Irish-designed stylus should sharpen up our tablet control

An innovation by an architect is set to take stylus devices for iPad up a notch


The Apple iPad may have been designed so you don’t need a stylus to operate it, but for those who use a tablet for more than just browsing websites or dashing off quick emails, fingers alone can be somewhat limiting.

Apple belatedly seems to have recognised this: the tech giant has filed a patent for a stylus pen and speculation is growing the next generation iPad may be sold with one.

With Microsoft offering the Surface Pen for use with its tablets and a whole host of other manufacturers such as Wacom and Adonit also selling styluses, the market for these devices is increasing.

A new entrant to the market is Scriba, an Irish-designed stylus which has been created by Dublin Design Studio, a company headed by former architect David Craig.

Those old enough to have used a handheld stylus with devices such as the Palm Pilot may be pleasantly surprised by how far they’ve come. Craig claims Scriba goes even further than rival products because of its squeeze motion, which he says completely changes the way people can interact with tablets.

Pinching action

Scriba’s pinching action offers a wider range of movement than other styluses, allowing users to adjust line weight, opacity or blurs, all smoothly and precisely.

With a standby charge of over six months and hundreds of hours of user time, the digital pen is also one of the most reliable devices of its type in terms of battery life.

The company is also in the process of developing drawing software and a Software Developer Kit (SDK) to allow other developers to integrate with Scriba.

The product is the first to come from the company, which was founded in 2014 and is based in the Docklands Innovation Park on East Wall Road.

Craig established the company after working as an architect for 18 years. The former practice he founded – Burdon Craig Dunne Henry – was the winner of the competition to design the ill-fated U2 Tower.

He set up the new firm after trying to find a suitable stylus that would allow him to do his work on tablets.

“As part of my work I was using styluses to do quick sketches on the iPad that I could work on later in the office. Over the years I bought a bunch of different styluses to try and none of them quite did what I wanted them to. They just didn’t have that same feeling you’d get from using pen and paper because, while the electronics would emulate real-world features like pressure sensitivity, it inevitably always felt like you ended up with something that was too much of a compromise,” he said.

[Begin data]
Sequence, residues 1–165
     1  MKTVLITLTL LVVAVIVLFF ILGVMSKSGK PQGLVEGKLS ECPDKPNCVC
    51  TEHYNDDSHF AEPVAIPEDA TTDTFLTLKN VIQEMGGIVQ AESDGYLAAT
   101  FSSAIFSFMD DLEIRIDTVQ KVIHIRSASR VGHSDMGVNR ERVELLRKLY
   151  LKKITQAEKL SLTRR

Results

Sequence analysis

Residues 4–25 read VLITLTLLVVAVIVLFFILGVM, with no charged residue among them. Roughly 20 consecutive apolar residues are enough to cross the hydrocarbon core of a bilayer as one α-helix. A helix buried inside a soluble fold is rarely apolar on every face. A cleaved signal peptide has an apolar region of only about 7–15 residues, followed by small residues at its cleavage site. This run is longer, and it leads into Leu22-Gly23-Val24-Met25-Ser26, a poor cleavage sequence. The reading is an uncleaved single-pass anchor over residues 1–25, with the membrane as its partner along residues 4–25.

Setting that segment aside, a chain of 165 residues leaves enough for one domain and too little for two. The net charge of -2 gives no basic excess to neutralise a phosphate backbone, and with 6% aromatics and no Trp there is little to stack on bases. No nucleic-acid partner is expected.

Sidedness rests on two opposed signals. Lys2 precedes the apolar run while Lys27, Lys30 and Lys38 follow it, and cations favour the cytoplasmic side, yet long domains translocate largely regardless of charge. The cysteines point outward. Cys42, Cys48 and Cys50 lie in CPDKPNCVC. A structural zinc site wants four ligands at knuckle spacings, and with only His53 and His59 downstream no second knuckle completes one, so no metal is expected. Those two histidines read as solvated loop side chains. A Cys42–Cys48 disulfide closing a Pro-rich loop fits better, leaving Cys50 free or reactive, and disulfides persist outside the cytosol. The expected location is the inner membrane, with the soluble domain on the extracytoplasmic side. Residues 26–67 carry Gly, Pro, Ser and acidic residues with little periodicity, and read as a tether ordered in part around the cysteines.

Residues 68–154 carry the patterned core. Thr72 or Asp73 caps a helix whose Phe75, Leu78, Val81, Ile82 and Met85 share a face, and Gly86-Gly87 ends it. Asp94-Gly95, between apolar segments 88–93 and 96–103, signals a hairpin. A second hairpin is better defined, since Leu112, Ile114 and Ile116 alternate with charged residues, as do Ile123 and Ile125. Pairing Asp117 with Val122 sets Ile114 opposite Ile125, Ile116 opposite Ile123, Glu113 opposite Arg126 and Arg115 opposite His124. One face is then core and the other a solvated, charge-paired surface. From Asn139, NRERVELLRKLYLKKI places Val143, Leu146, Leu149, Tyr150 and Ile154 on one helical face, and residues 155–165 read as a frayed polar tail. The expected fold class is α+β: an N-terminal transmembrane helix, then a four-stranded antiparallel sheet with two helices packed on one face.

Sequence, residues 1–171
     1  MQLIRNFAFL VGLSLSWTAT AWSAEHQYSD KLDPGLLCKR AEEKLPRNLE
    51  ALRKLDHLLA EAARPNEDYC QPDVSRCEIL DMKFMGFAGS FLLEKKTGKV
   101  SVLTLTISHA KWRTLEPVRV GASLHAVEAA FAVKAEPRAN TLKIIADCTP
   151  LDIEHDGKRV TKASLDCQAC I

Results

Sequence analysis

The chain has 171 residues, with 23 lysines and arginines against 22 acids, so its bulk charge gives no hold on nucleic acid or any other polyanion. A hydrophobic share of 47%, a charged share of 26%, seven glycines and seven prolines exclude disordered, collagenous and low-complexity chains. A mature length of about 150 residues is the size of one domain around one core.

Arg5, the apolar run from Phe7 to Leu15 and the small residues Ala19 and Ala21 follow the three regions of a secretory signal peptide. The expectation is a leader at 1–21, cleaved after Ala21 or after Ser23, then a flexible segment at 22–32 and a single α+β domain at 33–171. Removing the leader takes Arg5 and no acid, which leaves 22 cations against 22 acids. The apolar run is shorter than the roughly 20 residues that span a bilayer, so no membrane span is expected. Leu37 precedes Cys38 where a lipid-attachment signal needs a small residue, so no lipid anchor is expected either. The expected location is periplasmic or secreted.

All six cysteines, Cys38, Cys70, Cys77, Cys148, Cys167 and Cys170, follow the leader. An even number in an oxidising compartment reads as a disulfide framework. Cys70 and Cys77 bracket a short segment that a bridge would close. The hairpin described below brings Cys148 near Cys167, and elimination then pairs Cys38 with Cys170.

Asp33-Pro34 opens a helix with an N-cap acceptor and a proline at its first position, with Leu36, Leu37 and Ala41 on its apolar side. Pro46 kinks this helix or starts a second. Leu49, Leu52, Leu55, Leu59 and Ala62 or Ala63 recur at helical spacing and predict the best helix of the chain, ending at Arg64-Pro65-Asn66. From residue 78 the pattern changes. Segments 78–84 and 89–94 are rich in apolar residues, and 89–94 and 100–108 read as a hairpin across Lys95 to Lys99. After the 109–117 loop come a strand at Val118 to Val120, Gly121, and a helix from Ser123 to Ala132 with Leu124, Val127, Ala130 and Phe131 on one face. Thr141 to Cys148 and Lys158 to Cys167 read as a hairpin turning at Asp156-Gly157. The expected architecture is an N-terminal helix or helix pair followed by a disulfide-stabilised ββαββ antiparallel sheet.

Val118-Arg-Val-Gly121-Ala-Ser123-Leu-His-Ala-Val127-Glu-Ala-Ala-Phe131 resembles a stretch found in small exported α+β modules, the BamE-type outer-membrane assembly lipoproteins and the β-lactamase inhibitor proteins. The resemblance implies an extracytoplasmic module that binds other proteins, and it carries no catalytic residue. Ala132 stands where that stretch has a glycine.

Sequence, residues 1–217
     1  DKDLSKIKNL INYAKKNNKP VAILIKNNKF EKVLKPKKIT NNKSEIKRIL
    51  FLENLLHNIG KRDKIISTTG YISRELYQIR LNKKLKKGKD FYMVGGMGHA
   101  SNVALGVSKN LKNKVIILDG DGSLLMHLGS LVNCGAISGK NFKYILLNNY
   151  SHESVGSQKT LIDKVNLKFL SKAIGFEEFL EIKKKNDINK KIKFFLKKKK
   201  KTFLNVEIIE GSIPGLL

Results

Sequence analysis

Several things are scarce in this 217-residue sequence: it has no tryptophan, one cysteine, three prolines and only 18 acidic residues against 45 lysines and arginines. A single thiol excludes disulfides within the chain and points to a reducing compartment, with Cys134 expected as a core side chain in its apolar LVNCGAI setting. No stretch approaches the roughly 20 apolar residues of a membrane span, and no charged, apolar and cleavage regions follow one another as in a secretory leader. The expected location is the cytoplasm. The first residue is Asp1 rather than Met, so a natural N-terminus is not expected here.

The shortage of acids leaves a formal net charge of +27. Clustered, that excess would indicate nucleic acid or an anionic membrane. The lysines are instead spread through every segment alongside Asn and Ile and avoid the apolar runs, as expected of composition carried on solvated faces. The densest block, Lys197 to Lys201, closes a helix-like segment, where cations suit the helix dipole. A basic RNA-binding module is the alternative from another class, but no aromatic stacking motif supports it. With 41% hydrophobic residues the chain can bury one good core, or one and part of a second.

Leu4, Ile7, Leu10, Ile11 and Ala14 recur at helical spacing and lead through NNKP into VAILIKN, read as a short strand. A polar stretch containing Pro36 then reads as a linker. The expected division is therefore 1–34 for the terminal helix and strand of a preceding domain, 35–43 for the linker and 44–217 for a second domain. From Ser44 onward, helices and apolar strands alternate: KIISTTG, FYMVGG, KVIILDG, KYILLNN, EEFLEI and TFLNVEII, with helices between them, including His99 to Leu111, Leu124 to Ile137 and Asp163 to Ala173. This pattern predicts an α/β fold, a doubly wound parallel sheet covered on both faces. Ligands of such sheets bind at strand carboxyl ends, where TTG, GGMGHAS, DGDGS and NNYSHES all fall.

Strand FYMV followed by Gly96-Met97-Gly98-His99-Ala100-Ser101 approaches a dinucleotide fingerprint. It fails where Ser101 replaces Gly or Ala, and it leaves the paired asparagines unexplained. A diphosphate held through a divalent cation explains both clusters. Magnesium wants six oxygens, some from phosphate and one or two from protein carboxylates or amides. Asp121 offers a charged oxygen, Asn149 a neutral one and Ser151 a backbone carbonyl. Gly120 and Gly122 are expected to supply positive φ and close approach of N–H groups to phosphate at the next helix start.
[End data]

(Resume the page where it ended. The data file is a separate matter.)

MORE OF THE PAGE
Incubator programmes

Athlone Institute of TechnologyTyndall National Institute

From some early sketches made using open source software, Craig created a 3D model and later print of the stylus that he carried around with him in his pocket for months, showing it off to anyone in order to obtain feedback.

As the concept evolved, hundreds of virtual and physical prototypes were made and trialled but to make a proper working version of the stylus, he sought the input of the sensor group in Tyndall Institute who provided recommendations on the types of sensors that would be appropriate for measuring movement.

With no training in programming or micro-electronics, Craig then went about assembling a proof-of-concept version to test the pen fully. The electronics that made this possible were found in hobbyist kits and the instruction on assembling these parts and programming from YouTube. He also found support and advice at Tog, a collaborative makers’ space or “hackerspace” based in an old warehouse on Chancery Lane in Dublin.

Craig initially thought about targeting creatives once he had a workable prototype in place, but quickly realised there was a far bigger audience out there for his product.

“We were very much focusing on graphic designers, illustrators, architects and so on, which together would have made up a target audience of maybe 3.5 million people between Europe and the US.

“However, then we saw the number of people who were using drawing apps on iPads and realised that we had something that could be used by a much bigger audience. There has been something like 900 million downloads of drawing apps and when we started mentioning those kinds of figures to the likes of Enterprise Ireland, they really paid attention,” he said.

The company now has 10 full-time staff working on Scriba and is about to launch a Kickstarter campaign to raise €65,000 in funding by generating pre-sales for the digital pens.

The stylus is expected to go on sale in November for a retail price of €79.99 but will be available for just €65 to those who back its funding campaign.

Having been conceived here, the company is hopeful that it will also be manufactured in Ireland and it is currently in talks with a number of interested parties about this.

“There’s a huge growing market for products like this, and I believe that once people see ours in action that we’ll be on our way,” said Craig.